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Naval Ravikant Part 1: Business Plus Science Equals Technology

We welcome Naval Ravikant, a prodigious entrepreneur who has made a career helping other entrepreneurs. In this episode, we discuss how to be an effective entrepreneur, including the game theory of venture capital. Plus we cover complexity theory (or, Why can’t everything be simpler?), the “infrastructure of innovation,” and the first-principles thinking of science. Of course, nothing said in this episode is investment, legal, or any other advice of any kind.

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Prof. Sylvester Johnson, Part 2: What does it mean to be human? “Big Humanities” to Match “Big Technologies.”

With the help of Professor Johnson of Virginia Tech, we discuss what it means to be human in an age of accelerating technology, where computers and robots can think and maybe even feel. Professor Johnson explains several of the amazing technologies that exist today, both “outside” people and those being incorporated directly into people’s bodies, and how industry and government is pushing this forward. He really expanded our views on how to think about humanity and technology.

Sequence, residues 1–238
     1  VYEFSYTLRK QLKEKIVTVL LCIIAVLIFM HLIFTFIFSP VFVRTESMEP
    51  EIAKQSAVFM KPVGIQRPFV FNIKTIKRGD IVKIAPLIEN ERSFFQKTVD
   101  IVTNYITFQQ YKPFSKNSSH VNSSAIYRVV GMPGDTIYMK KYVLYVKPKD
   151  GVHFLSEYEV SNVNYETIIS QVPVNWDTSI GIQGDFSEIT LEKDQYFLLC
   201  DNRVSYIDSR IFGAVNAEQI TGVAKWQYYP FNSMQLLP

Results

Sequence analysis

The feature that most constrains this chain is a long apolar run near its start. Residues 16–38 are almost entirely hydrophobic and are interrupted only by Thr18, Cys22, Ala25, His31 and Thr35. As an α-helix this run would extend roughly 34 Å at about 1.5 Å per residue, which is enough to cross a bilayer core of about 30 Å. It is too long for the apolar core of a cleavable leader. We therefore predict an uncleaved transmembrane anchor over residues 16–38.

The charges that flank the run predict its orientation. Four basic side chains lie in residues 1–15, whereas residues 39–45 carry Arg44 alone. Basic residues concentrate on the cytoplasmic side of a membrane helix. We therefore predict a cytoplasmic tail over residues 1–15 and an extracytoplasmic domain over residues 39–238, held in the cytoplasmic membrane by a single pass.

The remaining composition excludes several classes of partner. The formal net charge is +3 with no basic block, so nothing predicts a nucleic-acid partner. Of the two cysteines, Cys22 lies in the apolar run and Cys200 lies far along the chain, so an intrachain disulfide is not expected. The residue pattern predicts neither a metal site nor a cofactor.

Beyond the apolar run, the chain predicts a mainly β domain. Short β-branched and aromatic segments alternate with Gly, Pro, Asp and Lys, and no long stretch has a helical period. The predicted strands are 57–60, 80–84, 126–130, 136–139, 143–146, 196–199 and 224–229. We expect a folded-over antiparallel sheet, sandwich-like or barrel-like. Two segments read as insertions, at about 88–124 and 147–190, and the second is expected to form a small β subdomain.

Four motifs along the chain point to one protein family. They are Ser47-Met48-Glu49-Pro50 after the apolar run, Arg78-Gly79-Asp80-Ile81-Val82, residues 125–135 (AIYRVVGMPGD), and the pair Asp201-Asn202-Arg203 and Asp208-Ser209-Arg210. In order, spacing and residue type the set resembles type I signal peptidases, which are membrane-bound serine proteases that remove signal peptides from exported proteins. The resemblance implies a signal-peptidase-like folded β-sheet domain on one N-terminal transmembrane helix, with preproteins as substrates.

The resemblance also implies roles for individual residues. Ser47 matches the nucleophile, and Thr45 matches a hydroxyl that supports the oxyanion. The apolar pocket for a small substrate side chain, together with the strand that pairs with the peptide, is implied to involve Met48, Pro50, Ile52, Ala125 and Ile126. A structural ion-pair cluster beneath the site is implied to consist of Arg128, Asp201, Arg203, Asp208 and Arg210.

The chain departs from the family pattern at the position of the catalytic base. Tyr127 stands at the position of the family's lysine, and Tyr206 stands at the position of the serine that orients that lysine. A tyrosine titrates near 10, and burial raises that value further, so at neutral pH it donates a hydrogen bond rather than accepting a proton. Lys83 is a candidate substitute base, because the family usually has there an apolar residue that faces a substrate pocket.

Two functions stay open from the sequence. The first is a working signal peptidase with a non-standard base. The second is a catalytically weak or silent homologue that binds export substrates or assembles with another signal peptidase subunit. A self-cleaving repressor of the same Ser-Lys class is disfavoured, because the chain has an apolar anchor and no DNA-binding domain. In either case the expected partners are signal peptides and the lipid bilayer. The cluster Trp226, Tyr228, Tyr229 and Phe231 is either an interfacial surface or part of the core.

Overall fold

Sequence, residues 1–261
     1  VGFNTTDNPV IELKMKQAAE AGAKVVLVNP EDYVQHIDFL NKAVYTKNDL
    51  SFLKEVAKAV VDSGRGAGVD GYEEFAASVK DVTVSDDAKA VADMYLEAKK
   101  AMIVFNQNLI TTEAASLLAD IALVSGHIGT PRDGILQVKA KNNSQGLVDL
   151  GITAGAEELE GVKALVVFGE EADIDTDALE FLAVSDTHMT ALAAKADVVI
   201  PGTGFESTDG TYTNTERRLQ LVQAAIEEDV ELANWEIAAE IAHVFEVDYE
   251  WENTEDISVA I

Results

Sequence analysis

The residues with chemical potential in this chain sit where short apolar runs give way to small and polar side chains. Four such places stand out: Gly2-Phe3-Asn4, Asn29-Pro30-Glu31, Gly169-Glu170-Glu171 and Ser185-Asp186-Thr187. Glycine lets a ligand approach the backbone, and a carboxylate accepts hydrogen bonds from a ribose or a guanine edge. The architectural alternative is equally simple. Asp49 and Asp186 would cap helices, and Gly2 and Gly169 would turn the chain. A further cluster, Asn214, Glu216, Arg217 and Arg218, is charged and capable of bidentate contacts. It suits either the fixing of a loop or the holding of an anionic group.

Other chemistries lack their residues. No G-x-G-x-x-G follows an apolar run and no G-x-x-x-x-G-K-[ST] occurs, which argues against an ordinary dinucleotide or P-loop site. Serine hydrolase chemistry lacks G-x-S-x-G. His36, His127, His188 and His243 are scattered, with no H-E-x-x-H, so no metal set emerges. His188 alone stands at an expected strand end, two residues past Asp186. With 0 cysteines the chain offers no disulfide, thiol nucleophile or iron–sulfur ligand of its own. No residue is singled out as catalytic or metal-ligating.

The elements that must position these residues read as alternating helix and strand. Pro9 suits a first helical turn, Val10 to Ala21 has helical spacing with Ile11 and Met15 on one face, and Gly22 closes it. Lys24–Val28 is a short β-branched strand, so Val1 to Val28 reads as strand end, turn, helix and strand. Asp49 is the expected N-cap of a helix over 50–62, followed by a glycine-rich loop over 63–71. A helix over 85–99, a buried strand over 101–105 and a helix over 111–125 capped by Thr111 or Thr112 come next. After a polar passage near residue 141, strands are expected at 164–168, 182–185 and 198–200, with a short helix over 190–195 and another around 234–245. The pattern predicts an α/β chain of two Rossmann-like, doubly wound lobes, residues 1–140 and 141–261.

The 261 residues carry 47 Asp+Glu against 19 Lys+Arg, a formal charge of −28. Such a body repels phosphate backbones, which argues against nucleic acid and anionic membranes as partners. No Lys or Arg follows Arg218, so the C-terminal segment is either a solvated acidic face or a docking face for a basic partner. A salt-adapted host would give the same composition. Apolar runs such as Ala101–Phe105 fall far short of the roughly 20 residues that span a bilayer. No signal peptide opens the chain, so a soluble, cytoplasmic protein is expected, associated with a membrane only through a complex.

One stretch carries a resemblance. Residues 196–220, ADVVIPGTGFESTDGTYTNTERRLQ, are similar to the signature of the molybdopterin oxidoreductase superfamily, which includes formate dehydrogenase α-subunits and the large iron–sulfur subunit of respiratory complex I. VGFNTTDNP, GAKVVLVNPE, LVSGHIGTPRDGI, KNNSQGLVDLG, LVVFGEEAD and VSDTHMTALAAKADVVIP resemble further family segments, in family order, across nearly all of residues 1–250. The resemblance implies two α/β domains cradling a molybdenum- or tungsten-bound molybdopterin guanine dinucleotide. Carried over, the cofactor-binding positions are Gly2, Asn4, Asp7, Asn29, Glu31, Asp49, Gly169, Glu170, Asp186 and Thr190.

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Prof. Sylvester Johnson, Part 1: What does it mean to be human? From Aristotle to AI.

With the help of Professor Johnson of Virginia Tech, we discuss what it means to be human in an age of accelerating technology, where computers and robots can think and maybe even feel. Professor Johnson explains several of the amazing technologies that exist today, both “outside” people and those being incorporated directly into people’s bodies, and how industry and government is pushing this forward. He really expanded our views on how to think about humanity and technology.

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Clearpool: Securities Trading Is Technologically Intense

We chat with folks from Clearpool, a financial services firm that provides a wide variety of technology tools and routing infrastructure to sell-side broker-dealers to help them seek best execution for their institutional clients. We cover the technical aspects of how trading works, the speed at which it happens, and some of the technologies being deployed. These technologies are cutting edge in terms of speed and reaction time, which may pave the way for speed in other industries. The Clearpool team also gave us insight into being a startup in a competitive space.